Tag Archives: Maltese

Anatomy and Normal Reproductive Physiology

1) When should I expect my male dog to be fertile? That depends on his breed. Animals of most species go through puberty and become sexually mature when they reach about 80% of their adult body weight. For a Maltese, that may occur when he is 4 months old. For a Leonberger, that may not occur until he is almost 2 years old. The only ways to know for sure that a male is fertile are either to breed him or to collect semen for evaluation. 2) My dog has poor libido. Does he have a testosterone deficiency? No. I have never documented lack of testosterone as a cause of poor libido in dogs nor has anyone else, to my knowledge. Embryology and anatomy of the male reproductive tract Determination of gender is dependent on the type of sex chromosomes present in the embryo. All dogs have 78 chromosomes, two of which are sex chromosomes; in females both are X chromosomes, and in males there is one X and one Y chromosome. Two tubular tracts are present in the developing embryo: the mullerian (paramesonephric) duct system, which goes on to form the female reproductive tract, and the wolffian (mesonephric) duct system, which goes on to form the tubular portions of the male reproductive tract. In the presence of a Y chromosome, Read more […]

Generalized Tremor Syndromes

Generalized tremors are surprisingly common in dogs (). This type of tremor can occur secondary to intoxications, drug therapies, congenital myelin abnormalities, storage diseases, encephalitis, or may arise without a definable cause. Degenerative diseases Lysosomal storage diseases Lysosomal storage diseases of the nervous system may have tremor as a presenting abnormality. Examples include globoid cell leucodystrophy, mannosidosis and gangliosidosis. The numerous storage diseases and their associated characteristic clinical signs have been described elsewhere (). Clinical signs: These diseases are often breed-related () with clinical signs first appearing in animals <1 year of age, but they can occur at any age. Many of these diseases involve the cerebellum and are associated with intention tremors. Pathogenesis: Accumulation of metabolic byproducts within neurons or the surrounding neuropil usually results from an inherited deficiency of a specific catabolic enzyme. The accumulation causes dysfunction of the cells and regions of the nervous system affected. Diagnosis: Ante-mortem testing for many of these diseases often results in negative or normal findings. CSF analysis is often normal, although Read more […]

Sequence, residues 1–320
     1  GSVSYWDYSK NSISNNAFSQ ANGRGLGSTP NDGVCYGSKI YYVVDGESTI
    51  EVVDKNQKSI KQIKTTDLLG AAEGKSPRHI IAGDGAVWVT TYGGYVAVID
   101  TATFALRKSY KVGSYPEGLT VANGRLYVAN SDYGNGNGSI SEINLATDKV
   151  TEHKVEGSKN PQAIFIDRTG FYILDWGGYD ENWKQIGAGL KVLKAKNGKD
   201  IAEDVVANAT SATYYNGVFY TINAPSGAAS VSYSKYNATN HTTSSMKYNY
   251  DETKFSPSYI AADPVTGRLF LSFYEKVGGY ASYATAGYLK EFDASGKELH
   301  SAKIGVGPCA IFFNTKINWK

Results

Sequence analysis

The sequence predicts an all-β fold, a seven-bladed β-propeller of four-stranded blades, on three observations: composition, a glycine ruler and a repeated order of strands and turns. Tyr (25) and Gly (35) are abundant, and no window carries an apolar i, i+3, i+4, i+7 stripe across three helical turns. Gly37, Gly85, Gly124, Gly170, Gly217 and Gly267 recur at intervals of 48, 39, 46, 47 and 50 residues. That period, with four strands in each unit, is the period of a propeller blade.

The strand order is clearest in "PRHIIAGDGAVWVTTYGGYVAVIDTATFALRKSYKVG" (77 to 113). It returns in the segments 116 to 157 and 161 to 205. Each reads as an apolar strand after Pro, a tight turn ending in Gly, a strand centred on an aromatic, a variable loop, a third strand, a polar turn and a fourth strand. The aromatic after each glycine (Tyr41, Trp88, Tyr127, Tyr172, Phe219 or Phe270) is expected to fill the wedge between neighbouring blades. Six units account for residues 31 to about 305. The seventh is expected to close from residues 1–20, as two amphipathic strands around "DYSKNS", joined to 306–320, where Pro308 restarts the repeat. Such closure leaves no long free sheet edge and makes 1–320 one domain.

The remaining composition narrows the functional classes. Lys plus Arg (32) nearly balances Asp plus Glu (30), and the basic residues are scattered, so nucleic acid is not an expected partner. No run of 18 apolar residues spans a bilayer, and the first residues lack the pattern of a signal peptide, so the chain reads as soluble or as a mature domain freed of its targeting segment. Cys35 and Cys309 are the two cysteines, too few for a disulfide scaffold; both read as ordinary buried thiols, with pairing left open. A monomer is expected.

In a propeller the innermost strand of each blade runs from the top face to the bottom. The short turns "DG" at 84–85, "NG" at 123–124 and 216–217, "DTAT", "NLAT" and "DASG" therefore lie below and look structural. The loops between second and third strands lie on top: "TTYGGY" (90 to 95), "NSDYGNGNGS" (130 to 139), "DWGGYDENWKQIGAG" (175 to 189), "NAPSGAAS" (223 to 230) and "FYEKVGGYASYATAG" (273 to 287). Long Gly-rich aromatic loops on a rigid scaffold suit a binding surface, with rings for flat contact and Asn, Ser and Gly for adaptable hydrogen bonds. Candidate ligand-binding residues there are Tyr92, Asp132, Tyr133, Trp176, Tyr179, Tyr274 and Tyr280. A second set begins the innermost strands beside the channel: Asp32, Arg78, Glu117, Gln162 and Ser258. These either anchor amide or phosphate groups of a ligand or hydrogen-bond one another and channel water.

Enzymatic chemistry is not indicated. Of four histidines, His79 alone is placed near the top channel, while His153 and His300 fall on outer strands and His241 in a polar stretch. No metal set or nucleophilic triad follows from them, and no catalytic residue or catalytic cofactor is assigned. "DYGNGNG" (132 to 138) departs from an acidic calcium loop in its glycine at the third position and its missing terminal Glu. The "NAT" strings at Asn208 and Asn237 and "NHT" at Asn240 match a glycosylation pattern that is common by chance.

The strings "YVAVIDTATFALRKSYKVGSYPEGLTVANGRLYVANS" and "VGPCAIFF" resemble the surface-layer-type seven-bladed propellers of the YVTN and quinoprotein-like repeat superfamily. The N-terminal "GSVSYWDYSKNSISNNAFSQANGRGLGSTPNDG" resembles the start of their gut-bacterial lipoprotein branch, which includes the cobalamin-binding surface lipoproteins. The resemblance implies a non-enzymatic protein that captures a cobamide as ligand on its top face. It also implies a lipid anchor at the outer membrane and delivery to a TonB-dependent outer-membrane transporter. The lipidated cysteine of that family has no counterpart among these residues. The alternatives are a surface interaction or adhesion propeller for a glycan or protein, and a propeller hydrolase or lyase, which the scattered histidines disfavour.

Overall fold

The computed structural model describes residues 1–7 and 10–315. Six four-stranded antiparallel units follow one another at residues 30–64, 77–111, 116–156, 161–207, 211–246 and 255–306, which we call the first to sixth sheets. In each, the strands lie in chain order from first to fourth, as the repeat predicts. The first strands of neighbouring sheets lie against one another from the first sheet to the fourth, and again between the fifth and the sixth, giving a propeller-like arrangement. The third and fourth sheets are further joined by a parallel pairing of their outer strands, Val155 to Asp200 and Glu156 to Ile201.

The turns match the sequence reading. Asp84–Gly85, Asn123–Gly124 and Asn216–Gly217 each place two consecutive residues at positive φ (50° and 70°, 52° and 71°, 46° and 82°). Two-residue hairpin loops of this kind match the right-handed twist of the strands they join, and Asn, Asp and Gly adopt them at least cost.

Central vestibular diseases

Degenerative diseases Lysosomal storage disorders and neurodegenerative diseases Lysosomal storage disorders are inborn errors of metabolism in vhich specific deficiencies of degradative enzymes cause substrate accumulation and result in cellular and clinical dysfunction. Neurodegenerative disorders are diseases associated with an abnormality in the metabolic pathway that leads to early death of the neuron. Several of these conditions can present with ataxia and incoordination suggestive of vestibular disease. () Anomalous diseases Chiari-like malformations Chiari-like malformations are congenital defects characterized by caudal displacement of part of the cerebellum through the foramen magnum. This occurs as a result of occipital bone dysplasia causing the caudal fossa to become abnormal in size or shape. This malformation can cause compression of the brainstem and cerebellum, and result in signs of central vestibular disease. Neoplastic diseases Brain tumours Of the primary brain tumours seen in dogs, meningiomas and choroid plexus papillomas have a site predilection for the caudal lossa. As such, vestibular signs are commonly encountered in affected animals. Dermoid and epidermoid cysts are occasionally Read more […]

The faults and defects of the breeds: Toy Dogs

Affenpinschers Patella luxation, either medial or lateral; Legg-Calves Perthes disease Brussels Griffon Shoulder dislocation Cavalier King Charles Spaniels Patella luxation; Episodic weakness and collapse, a rare, inherited disorder Chihuahuas (Long and Smooth coats) Shoulders dislocation; Patella luxation, medial or lateral; Hypoplasia of dens, which produces atlantoaxial subluxation, causing neck pain and quadriplegia Chinese Cresteds Medial patella luation; Legg-Calves Perthes disease English Toy Spaniels (Blenheim/Prince Charles and King Charles/Ruby) Patella luxation, medial or lateral can occur with medial the most common, Congenital Femoral Shift Italian Greyhounds Predisposed to forelimb fractures Japanese Chin Dwarfism Maltese Patella luxatin Miniature Pinschers Shoulders dislocation; Legg-Calves Perthes disease; Epiphyseal dysplasia; Decreased long-bone growth; OIsteopenia Papillons Patella luxation Perkingese Hypoplaisa of dense (Odontoid Process, an atlantoaxial subluxation, causes neck pain and quadriplegia); IVD (intervertebrate disk disease); Swimmers syndrome; Atypical pannus; Legg-Calves Perthes disease Pomeranians Patella luxation, either medial or lateral; Dwarfism; Read more […]